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Kenyan newspaper right that tax revenue rose ‘fastest’ under president Kenyatta, but context is key

Kenya’s economy continues to recover from its Covid-19 slump, with the taxman reporting some impressive figures.

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  • Kenya’s Business Daily newspaper said tax revenue in the first half of the current financial year – July to December 2021 – rose at the “fastest pace” since president Uhuru Kenyatta took office in 2013.

  • The figures bear the paper out. The 29% rise in revenue in those six months compared to the same period in 2020 is the highest for the first half of a financial year since 2013.

  • But the comparison is with a period of economic slump, when tax relief was granted to cushion individuals and businesses against the effects of Covid-19 lockdowns.

The Kenya Revenue Authority (KRA) has pursued an aggressive tax collection strategy in recent years, aiming to increase revenue and meet targets.

The agency has targeted secretive shareholders in companies, offered amnesties and even said it was monitoring people’s lifestyles on social media

The approach appears to be yielding more revenue, earning KRA staff bonuses and state recognition

Reporting on the taxman’s most recent numbers in January 2022, Kenya’s Business Daily said tax collected in the six months to 31 December 2021 had increased from KSh673.6 billion to KSh868.8 billion. 

It said this was a 28.98% increase compared to the same period of 2020, with the rise being at the “fastest pace” since president Uhuru Kenyatta took office in 2013

It attributed this to “a recovery in economic activity, pursuit of tax cheats and fresh taxation measures”.    

The paper was referring to the first half of Kenya’s financial year, which runs from 1 July to 30 June. Is the reported increase the fastest under Kenyatta? 

Revenue recorded monthly 

Business Daily attributed the data to the country’s finance minister, Ukur Yatani. 

Kenyan law requires the minister to publish a “statement of actual revenues” in the official Kenya Gazette within 21 days after the end of every month. The statement shows total tax and non-tax revenue, domestic and foreign loans and their repayment, and grants.

The journalist who wrote the article confirmed the data for the claim was gleaned from the revenue statements published in the gazette and had used 2013 as a starting point.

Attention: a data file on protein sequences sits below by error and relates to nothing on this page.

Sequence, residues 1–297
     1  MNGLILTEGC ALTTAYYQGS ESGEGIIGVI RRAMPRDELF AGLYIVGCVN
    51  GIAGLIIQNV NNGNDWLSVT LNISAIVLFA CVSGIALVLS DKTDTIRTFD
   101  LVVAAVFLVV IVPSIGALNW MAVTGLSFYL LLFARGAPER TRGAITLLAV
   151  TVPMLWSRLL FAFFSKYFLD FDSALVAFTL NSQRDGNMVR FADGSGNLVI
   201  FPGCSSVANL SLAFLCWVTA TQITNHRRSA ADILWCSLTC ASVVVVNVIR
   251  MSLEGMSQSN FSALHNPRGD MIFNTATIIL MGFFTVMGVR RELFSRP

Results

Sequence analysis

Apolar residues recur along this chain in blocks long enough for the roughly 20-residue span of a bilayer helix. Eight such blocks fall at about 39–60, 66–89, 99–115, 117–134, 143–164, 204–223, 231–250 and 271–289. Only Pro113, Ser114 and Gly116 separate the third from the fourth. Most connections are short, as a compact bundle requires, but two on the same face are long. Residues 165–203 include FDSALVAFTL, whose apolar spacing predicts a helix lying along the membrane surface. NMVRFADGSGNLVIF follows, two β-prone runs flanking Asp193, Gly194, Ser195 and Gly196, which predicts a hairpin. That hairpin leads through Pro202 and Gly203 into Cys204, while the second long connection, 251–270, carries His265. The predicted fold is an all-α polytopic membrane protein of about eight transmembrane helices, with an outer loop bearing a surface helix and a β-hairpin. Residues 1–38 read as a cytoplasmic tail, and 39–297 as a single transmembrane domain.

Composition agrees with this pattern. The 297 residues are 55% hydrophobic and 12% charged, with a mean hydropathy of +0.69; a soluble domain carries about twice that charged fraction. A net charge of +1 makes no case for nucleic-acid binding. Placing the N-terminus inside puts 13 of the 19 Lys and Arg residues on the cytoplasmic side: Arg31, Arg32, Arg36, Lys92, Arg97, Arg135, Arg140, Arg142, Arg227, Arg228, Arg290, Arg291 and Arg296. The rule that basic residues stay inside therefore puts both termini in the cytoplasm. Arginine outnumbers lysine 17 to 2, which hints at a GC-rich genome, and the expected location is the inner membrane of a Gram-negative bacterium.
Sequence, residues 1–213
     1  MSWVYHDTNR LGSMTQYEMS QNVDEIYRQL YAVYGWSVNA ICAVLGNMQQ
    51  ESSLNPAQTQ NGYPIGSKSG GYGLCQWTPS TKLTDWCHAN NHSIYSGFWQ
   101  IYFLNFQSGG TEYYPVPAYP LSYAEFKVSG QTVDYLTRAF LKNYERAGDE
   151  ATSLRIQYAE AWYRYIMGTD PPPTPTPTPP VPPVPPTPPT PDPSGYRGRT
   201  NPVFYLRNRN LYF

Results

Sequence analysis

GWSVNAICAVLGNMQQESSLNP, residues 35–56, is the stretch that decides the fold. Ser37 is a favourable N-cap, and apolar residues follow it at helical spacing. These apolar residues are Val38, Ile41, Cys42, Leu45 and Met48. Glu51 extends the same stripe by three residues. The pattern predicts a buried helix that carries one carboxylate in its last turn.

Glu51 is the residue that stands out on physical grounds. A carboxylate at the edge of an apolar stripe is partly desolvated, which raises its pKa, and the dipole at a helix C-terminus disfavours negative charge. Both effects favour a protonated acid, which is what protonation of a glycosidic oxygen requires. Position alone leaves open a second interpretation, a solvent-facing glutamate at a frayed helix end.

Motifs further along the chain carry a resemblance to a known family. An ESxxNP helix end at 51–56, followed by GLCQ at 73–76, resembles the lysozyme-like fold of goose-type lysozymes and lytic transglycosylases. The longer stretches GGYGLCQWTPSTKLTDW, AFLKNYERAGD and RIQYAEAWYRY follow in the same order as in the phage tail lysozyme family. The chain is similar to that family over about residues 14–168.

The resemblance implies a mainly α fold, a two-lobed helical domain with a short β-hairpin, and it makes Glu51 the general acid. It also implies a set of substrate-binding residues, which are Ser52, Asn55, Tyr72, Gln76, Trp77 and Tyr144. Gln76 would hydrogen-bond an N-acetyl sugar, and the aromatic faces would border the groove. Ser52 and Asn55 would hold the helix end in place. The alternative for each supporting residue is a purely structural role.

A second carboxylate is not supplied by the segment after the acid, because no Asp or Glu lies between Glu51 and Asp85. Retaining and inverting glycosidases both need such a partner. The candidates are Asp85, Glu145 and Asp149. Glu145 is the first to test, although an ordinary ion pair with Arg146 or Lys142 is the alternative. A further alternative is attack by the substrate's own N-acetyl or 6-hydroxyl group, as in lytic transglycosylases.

Tax revenue and non-tax revenue

The KRA gives the following as types of tax:

  • Income or direct tax such as pay as you earn, corporate tax, withholding tax and turnover tax

  • Value-added tax, an indirect tax on eligible goods and services

  • Excise duty levied on non-essential items such as alcohol and tobacco

  • Customs duties or taxes on imports and exports 

While tax is the dominant source of total revenue, the government also earns money from non-tax sources, John Kinuthia told Africa Check. He is  a senior programmes officer at International Budget Partnership Kenya, a global budget transparency organisation. 

“Non-tax revenue is mainly made up of service charges and levies that are collected by government agencies when they provide a certain service or sell goods,” Kinuthia said. 

He gave the examples of paying the immigration department to renew a passport, or the government selling its old cars. “In such cases, the money will not be collected by KRA but forms part of government revenue.”

Steady rise in revenue – until Covid 

Statements for all the first halves of the financial years from 2013/14 to 2021/22 show a steady rise in revenue. Only in 2020/21 was there a drop, which is attributed to the slump in economic activity due to Covid-19 lockdowns, and tax relief granted to soften the blow.  

In April 2020, KRA reduced value-added tax, pay as you earn and corporate tax to cushion individuals and businesses from the effects of Covid-19. 

Actual tax collected in the first financial half-year from 2013/14 to 2021/22

Financial year

Revenue (KSh billions)

Increase from previous year




























Source: Statement of actual revenues 2013-2021

The data therefore supports the paper’s claim. But there’s more context.

Tax relief expires and rates rise 

The increase in collection in the July to December period was due to a rise in tax rates after Covid-19 relief expired and the introduction of new rates. 

This is according to Kwame Owino, the chief executive of the Institute of Economic Affairs Kenya thinktank. On 1 January 2021 KRA reverted to the previous tax rates. A new finance law passed in July 2021 also introduced new taxes, including excise duty on phone and internet data services. Betting and lotteries were also targeted, as were petroleum products.

Conclusion: Yes, first half of 2021/22 financial year saw  “fastest pace” of revenue growth since 2013, but comparison was with lockdown period

Official data shows that the increase in tax revenue from July to December 2021, the first half of Kenya’s 2021/22 financial year, was the fastest under president Kenyatta.

But this came after a raft of Covid-related tax relief and mitigation measures expired or were wound up. The economy has also started recovering after lockdown measures were lifted.   

Because of their unprecedented nature, a sharp recovery would be expected when these measures were eased, as noted by Kenya’s statistics office.

This context goes a long way in explaining the pace of the growth in revenue collection. 

Prof Charles Wheelan, a senior lecturer at Dartmouth College in the US and author of Naked Statistics among other works, has previously told Africa Check that examining economic data after lockdowns required caution.

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